MASON: As we reported, some of the President's supporters have called his tweets inappropriate, not racist. What do you say to that?
KENDI: Well, at first I'd say there's no such thing as not racist. There's racist and anti-racist. Racist ideas suggest that there's something wrong or right, superior or inferior about a particular group. It suggests there's something inherently normal about white Americans, that Americans are white and whites are Americans. And his idea suggests that somehow people of color are not American. And that's deeply racist.
KING: But professor, I heard one of his supporters say they're not racist because in the tweets he never mentions race. So how — I heard someone say he never mentions race, how can it be considered racist?
KENDI: So, poll taxes, grandfather clauses, these were voting suppression bills that are widely considered by Americans today to be racist. But there was no racial language in them. You don't have to have racial language in an idea or even in a policy for it to be racist. It's about what its outcome. Are you suggesting that there's something wrong with a particular group? Are you — is it creating inequity? That's the true measure of whether something is racist.
JERICKA DUNCAN: What role do Republicans play in sort of checking the President about these comments? You hear them say it's unacceptable, it's divisive, it's — you know, people are frustrated. But some of them are not really calling out this behavior as racist. What role do they play in sort of helping move this conversation forward or get a better understanding of how our President can say that and some people really feel that's not offensive?
KENDI: I think Republicans should play the same role as all Americans and that is to identify racism when they see it, and to say that America is not going to stand for it. And this is a bipartisan issue. This is an issue that cuts across lines. Either we are a nation of immigrants, either we are a nation where Jefferson included, or where nation of white people. I think we have to decide and Republicans need to decide what type of nation are they going to stand up for.
MASON: The White House says the President has repeatedly condemned racism and bigotry in all forms.
KENDI: So every group of racists in American history have condemned bigotry and racism in all forms except their form. So slave holders condemned it. Segregationists condemned it, mass incarcerators condemned it. They all condemned it but they all deny racism. That's essential to racism itself.
KING: Congresswoman Ilhan Omar has come under fire for some of the remarks she made. People have said she’s made some anti-Semitic and divisive things. Should she be criticized? Do you see the comparison between her remarks and what the President said as the same?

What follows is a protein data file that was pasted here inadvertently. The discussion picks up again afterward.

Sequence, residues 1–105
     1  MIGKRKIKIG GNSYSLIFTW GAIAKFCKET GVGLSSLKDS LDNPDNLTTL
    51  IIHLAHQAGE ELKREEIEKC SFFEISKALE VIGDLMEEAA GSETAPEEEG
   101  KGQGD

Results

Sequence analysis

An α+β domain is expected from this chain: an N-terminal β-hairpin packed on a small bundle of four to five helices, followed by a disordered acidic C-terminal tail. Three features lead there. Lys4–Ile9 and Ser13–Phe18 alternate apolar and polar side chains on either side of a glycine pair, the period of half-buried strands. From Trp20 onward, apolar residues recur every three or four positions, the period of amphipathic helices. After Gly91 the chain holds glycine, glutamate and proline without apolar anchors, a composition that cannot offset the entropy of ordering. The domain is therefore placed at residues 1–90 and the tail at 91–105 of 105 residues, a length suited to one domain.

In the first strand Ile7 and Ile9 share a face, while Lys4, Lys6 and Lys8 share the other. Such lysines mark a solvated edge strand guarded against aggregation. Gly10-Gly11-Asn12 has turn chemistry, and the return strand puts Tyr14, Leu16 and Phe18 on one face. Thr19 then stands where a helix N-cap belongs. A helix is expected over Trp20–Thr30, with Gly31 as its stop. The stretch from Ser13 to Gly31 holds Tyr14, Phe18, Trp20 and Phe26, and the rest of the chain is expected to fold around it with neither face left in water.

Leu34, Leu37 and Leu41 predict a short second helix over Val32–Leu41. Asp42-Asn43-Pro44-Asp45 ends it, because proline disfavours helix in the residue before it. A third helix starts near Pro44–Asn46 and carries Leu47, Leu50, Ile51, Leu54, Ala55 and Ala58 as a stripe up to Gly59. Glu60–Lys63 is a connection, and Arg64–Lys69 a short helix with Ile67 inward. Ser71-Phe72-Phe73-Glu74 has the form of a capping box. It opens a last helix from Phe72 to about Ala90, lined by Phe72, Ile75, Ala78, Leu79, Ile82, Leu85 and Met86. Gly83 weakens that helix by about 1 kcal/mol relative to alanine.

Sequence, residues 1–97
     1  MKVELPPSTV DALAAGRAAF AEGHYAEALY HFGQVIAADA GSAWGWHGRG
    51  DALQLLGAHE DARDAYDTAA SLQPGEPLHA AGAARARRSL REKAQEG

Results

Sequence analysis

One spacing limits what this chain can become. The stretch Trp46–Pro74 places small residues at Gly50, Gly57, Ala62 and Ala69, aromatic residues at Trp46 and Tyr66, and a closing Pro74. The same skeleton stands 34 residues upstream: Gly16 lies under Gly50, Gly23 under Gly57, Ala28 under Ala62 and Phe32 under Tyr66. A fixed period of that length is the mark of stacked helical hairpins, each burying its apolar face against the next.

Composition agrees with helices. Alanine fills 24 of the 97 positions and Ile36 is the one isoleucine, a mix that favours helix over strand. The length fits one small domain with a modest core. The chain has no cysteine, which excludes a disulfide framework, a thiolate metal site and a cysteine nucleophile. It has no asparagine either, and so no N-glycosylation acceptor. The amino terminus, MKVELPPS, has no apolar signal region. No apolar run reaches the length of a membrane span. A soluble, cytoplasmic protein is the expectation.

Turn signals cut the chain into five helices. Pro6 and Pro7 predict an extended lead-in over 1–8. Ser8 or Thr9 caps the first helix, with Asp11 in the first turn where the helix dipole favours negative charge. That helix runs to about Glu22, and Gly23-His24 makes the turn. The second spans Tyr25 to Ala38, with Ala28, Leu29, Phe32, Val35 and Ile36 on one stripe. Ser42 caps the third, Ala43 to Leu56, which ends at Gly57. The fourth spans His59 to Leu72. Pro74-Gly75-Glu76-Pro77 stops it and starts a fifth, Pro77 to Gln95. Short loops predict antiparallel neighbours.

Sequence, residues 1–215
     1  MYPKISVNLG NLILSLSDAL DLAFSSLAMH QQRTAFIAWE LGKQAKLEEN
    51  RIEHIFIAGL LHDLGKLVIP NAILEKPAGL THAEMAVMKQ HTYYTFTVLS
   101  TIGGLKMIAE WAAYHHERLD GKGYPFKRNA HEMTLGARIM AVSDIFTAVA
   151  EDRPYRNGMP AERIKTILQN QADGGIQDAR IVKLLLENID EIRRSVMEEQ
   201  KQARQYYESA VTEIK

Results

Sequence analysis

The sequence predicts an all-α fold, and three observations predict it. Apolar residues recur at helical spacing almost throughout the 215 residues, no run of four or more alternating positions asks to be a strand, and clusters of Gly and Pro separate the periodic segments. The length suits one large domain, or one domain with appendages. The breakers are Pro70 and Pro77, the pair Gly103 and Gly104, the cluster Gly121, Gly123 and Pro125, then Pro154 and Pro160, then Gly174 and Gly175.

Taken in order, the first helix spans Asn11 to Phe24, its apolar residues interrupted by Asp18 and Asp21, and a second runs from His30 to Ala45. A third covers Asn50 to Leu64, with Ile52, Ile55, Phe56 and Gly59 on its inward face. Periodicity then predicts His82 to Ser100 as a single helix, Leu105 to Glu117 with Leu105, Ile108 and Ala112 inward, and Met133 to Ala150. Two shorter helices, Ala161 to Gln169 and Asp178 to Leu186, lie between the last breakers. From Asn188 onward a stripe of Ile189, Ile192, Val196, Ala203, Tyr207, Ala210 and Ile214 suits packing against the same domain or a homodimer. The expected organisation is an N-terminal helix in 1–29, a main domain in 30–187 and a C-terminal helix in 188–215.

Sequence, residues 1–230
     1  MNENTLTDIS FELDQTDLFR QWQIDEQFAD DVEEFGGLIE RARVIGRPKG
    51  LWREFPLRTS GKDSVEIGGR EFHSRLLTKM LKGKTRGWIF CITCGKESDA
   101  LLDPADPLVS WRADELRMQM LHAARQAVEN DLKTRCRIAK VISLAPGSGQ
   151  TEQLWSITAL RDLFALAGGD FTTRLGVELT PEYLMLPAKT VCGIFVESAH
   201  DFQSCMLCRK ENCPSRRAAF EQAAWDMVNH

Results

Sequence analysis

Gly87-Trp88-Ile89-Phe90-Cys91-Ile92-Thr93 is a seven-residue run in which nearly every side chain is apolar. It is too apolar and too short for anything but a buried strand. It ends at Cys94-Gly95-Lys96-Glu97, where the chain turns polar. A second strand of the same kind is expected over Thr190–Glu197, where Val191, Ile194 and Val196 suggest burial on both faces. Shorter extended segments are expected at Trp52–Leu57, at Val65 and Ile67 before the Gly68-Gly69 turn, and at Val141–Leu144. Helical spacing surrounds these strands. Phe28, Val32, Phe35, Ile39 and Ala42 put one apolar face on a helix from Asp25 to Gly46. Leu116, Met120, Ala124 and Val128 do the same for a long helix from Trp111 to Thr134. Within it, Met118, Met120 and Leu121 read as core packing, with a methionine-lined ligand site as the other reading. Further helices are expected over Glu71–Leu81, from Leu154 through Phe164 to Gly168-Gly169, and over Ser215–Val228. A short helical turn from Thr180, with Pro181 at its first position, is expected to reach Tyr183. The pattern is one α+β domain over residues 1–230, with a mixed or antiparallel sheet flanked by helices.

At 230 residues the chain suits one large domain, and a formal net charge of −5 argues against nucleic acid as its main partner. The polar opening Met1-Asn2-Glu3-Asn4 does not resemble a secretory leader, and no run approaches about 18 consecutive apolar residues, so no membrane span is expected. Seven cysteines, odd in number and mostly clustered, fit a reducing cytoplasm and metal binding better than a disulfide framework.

KENDI: I do not.
KENDI: She was very specific in criticizing the policies of a country. In this case, the country was Israel. Trump has specifically criticized racial groups of people. When he said that Mexicans are rapists. When he said that black people, a trait of blacks is laziness. This is a condemnation of a racial group of people. That is effectively racism. When we criticize a country's policies, that is not — when you criticize Israeli policies, that's not anti-Semitic. But when you say there's something wrong with Jews, that is. I haven't heard her say that.
KING: Can you write racist things and say racist tweets and not be a racist?
KENDI: What you do in terms of what you say, what policies you support, determines whether you're being racist or anti-racist. So, no. If you say things that are racist, you're racist. Just like if you say things that are anti-racist, the next minute you're being an anti-racist. What we do is effectively who we are in that moment.
KING: The people who don't criticize them, do you criticize the remarks, are they racist? Because I hear people say, “I like his policies, I don't like that he said that. I like some of his policies.”
KENDI: So when you have a politician who is mass producing and circulating racist ideas, racist ideas as to the ones I just described, saying that immigrants from the south are criminals. But never says anything about immigrants from Europe or even the north, when you ask someone who says these things and you don't challenge them, you're effectively supporting them yourself. You're effectively being racist yourself.
MASON: Ibram Kendi, thanks so much for being with us this morning.